Through a combination of major funding from the Natural Sciences and Engineering Research Council of Canada (NSERC), the Canadian Foundation for Innovation (CFI) and the Ontario Research Fund (ORF), and with deeply discounted equipment and donations from Bruker BioSpin, the Simpsons founded the Environmental NMR Centre in 2004. Home to more than $5 million worth of state-of-the-art technology, the centre also houses two cutting-edge NMR spectroscopes and is the only facility on the planet dedicated solely to environmental NMR studies.
The Simpsons are a scientific tag team with a unique division of labour. “Andre focuses more on method development,” says Myrna, “whereas I focus more on what we can do with these methods to answer questions about climate change, pollution and health.”
So, while Andre continues his development work, Myrna’s expertise in applying NMR to environmental problems are called upon by scientists, governments and organizations worldwide. She is working with researchers in Israel to determine whether waste water might be reclaimed for crop irrigation; in the United States on a long-term study in the Harvard Forest, an ecological research area managed by Harvard University; and with Agriculture and Agri-Food Canada (AAFC) on a groundbreaking carbon sequestration study. She is also close to completing a grant agreement for a study of deep subsurface organic matter with the Nuclear Waste Management Organization (NWMO) of Canada.
Meanwhile, the Simpsons collaborate with numerous UTSC researchers from a diversity of fields. Professors Malcolm Campbell (plant biology), Rene Harrison (bone-wasting disorders) and Kagan Kerman (neurodegenerative diseases) are all engaged with the Environmental NMR Centre, either directly or through the work of their graduate students.
But among all the areas the Simpsons are working in, Myrna is most excited about the arcane, yet quietly booming, field of environmental metabolomics. “We’re trying to develop an early warning system for environmental health,” she says. “We use NMR to measure the metabolic profile of model organisms to determine if they are under some sort of stress. Our methods are so sensitive that we can tell if an earthworm is stressed out within 48 hours of exposure to a toxic chemical in the environment.”
It’s an approach that also has huge potential as a discovery tool.
“With many new and emerging contaminants, we don’t know the toxic mode of action,” says Myrna. “We can use environmental metabolomics to show the mechanisms by which these novel chemicals may be disrupting the organisms.”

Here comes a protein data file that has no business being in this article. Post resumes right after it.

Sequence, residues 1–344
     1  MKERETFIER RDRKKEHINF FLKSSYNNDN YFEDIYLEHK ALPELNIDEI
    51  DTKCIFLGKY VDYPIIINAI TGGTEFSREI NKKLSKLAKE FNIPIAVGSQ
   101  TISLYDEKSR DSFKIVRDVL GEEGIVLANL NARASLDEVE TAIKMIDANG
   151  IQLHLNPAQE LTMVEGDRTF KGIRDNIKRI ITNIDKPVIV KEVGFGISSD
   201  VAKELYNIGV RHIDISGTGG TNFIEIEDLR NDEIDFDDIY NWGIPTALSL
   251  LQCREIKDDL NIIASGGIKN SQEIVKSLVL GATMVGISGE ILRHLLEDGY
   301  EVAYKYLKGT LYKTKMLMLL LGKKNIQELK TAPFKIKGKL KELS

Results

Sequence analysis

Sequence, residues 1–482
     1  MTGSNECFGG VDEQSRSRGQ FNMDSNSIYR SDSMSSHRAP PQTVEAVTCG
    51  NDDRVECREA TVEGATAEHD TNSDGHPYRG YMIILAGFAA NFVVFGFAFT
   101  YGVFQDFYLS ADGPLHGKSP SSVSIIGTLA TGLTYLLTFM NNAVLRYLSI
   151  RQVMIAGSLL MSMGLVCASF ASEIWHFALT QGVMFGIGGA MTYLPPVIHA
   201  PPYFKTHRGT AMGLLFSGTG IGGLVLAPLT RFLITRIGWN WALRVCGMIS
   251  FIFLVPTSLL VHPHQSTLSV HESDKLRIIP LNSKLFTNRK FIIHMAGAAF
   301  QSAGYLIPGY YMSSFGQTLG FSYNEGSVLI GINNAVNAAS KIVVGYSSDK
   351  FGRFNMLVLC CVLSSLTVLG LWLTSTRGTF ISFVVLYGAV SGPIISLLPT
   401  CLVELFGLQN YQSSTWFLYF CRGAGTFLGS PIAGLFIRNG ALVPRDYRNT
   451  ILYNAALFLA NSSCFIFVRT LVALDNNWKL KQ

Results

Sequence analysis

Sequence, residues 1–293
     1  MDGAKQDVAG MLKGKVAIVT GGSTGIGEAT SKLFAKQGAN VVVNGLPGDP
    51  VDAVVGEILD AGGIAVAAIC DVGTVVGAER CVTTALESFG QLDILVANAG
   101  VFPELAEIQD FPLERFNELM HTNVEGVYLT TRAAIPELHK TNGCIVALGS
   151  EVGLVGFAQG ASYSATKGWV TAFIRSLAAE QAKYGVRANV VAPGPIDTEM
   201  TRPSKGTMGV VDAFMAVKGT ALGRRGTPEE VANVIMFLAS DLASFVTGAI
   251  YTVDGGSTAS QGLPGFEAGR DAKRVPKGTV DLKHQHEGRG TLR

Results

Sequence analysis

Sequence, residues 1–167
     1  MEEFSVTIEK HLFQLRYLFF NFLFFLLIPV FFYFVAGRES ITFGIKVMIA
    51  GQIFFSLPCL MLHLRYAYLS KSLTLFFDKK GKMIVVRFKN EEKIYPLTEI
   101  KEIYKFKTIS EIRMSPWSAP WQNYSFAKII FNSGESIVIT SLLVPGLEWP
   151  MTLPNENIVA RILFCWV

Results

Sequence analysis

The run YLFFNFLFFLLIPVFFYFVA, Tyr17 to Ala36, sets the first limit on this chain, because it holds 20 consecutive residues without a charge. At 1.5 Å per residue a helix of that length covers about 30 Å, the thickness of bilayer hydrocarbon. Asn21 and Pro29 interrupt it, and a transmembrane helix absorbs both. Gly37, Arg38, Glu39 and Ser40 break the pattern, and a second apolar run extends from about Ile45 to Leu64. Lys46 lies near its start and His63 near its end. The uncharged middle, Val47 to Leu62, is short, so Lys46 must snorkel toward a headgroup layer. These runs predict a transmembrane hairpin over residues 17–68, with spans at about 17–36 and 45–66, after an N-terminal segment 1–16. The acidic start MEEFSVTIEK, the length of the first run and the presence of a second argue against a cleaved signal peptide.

The Simpsons share a powerful bond in science as well as in their personal lives. They met in 1997 at a conference in Los Angeles and they are now married with two-year-old twins.
“We talk about our work even when we’re not at work,” says Andre. “And that’s important, because we are developing new technologies while simultaneously applying them to environmental questions in new ways. Without [unlimited time to talk], it would be really difficult to move both fields forward at once.”
In addition to raising children, running a bustling lab and developing a research revolution, this year the pair will also edit a book on environmental NMR.
Myrna and Andre’s long-term goal is to develop their lab into a national Environmental NMR Centre, where researchers from across the country and around the world can perform their own experiments. But herein lies one of the unexpected challenges of building a career at the bleeding edge of scientific innovation.
“Who’s going to train them?” asks Myrna of these visiting researchers. “Unfortunately, there is a huge gap between people who know how to use these instruments and those who understand environmental samples.”
Until the field they founded catches up with them, the Simpsons are content to continue pushing it ahead.
“We now have the technology to observe the bonds in an intact heterogeneous sample at atomic resolution,” says Andre. “The implications of this are huge and we’re only beginning to scratch the surface.”
To learn how you can support cutting-edge research at UTSC, contact Georgette Zinaty, executive director of development and alumni relations, at email@example.com.